Climbing Denali - Celebrating the Mountains First Summit
Have you ever thought about mountaineering?
Social media has been flooded with pictures of the tourism on Mount Everest, with the lines, the guide ropes, the garbage and I wonder how crisp and clean the summit used to be in 1953.
In other mountaineering news closer to home, today marks the 106 year anniversary of the first ascent to Denali's summit.
While not as tall as Everest (Denali being 20,320 feet and Everest being 29,029) it was/still is a daunting climb, especially in 1913.
The climb was first done by Hudson Stuck, the archdeacon of the Yukon Episcopal Church, and friends, Harry Karstens, Walter Harper, and Robert Tatum.
I can't imagine how beautiful (and cold) that would have been and I can't imagine the feeling of knowing that you were the first person to arrive there and witness something so untouched.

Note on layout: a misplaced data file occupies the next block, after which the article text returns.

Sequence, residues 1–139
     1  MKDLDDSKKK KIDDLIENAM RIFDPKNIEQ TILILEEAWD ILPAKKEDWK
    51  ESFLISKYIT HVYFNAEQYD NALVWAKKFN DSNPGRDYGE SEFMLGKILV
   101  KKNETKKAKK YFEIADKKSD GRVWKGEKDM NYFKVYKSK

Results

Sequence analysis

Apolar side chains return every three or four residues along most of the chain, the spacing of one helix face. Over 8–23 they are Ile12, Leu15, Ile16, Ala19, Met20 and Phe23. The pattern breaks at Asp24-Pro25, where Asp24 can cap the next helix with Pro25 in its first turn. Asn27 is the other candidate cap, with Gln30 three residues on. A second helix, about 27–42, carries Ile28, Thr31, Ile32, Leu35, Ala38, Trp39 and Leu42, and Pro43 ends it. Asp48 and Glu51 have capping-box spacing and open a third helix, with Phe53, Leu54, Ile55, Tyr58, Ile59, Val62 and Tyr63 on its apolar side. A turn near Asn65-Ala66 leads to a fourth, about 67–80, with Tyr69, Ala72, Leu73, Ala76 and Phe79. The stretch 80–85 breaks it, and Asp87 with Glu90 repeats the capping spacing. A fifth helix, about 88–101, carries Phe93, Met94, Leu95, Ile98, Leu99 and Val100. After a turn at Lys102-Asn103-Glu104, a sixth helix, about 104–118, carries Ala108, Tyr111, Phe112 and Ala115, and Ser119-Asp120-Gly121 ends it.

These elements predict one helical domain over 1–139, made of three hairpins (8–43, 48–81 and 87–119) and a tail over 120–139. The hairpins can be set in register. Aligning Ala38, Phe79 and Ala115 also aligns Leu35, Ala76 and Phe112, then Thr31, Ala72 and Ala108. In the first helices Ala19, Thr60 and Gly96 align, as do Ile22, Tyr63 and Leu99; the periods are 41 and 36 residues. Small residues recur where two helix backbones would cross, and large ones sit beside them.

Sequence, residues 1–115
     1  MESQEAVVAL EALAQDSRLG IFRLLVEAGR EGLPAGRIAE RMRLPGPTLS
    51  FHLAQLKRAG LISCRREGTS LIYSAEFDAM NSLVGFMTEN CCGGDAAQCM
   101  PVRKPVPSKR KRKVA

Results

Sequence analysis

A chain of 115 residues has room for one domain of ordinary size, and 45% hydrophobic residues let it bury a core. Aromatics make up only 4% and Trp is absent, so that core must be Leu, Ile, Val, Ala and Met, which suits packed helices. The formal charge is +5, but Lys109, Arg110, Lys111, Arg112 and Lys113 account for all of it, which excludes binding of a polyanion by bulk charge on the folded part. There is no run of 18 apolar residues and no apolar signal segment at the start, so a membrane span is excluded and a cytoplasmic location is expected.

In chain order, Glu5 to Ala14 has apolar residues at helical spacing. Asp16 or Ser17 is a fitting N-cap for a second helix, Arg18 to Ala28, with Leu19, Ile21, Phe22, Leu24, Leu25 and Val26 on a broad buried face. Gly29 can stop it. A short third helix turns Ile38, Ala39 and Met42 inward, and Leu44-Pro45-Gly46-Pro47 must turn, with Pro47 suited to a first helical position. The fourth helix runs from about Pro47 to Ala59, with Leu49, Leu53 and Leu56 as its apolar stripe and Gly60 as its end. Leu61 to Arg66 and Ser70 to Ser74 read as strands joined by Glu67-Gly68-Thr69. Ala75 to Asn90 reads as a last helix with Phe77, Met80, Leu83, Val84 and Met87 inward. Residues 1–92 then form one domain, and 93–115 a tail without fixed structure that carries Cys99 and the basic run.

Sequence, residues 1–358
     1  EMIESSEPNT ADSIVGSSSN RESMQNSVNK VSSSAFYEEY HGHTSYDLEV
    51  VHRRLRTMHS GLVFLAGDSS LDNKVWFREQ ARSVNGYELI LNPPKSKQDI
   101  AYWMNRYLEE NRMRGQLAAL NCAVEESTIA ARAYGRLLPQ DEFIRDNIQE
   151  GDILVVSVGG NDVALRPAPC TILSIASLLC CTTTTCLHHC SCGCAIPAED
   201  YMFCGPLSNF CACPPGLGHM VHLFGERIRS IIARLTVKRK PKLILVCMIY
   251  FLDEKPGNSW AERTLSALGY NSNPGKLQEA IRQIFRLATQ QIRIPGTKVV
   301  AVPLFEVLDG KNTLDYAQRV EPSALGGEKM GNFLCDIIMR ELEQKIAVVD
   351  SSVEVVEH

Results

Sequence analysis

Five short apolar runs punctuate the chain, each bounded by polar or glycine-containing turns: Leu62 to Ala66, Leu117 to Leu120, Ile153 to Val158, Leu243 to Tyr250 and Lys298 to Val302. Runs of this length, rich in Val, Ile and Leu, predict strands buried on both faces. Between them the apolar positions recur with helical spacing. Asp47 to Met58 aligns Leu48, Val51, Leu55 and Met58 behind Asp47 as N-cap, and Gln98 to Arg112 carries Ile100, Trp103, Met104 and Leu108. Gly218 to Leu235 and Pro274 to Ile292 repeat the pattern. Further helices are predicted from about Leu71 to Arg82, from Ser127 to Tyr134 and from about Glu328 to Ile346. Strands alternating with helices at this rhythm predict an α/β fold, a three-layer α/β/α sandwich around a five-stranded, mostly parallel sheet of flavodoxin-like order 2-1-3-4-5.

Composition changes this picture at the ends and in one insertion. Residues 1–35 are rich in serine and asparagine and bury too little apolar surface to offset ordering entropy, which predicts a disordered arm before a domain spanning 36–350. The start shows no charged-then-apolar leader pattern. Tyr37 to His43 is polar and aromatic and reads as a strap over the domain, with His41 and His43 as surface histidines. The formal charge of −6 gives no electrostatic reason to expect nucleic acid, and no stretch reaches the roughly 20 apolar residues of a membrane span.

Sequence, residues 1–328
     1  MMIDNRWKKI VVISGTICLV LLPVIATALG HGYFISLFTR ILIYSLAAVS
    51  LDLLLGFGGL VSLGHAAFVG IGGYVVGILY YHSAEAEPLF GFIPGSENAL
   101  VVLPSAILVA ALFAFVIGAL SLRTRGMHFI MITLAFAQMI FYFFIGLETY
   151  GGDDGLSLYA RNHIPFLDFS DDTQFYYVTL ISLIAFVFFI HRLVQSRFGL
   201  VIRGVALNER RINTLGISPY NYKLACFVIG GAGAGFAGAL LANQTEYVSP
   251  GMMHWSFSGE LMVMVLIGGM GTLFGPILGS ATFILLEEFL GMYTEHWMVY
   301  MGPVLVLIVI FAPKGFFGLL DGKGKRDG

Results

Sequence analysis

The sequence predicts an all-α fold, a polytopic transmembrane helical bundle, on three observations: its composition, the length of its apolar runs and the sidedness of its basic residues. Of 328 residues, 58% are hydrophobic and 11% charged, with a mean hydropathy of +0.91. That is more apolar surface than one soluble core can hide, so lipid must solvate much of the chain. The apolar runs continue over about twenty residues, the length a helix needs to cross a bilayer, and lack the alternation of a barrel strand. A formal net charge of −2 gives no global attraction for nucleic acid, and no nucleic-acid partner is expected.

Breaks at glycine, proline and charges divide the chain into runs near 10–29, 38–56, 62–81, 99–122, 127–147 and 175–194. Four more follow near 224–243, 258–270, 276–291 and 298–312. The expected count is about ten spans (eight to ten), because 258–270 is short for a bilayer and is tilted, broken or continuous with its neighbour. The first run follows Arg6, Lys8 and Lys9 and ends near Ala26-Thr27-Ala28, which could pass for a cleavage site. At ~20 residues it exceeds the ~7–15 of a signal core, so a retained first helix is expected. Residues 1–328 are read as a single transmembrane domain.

Another fact that impressed me most the story of Denali's first ascent was Hudson Stuck's insistence upon calling the mountain Denali.
The mountain was named (by non-native settlers) Dunsmore Peak in 1889 and then re-named Mount McKinley, in honor of the president in 1896.
So, at the time of the climb, the mountain was actually called Mount McKinley.
Denali, meaning "The High One" is actually the Athabascan tribe name. Hudson Stuck's religious duties included missionary duties to the native tribes in the area and he always respected and used their names for their local places.
The mountain "officially" reverted its native name in 2015.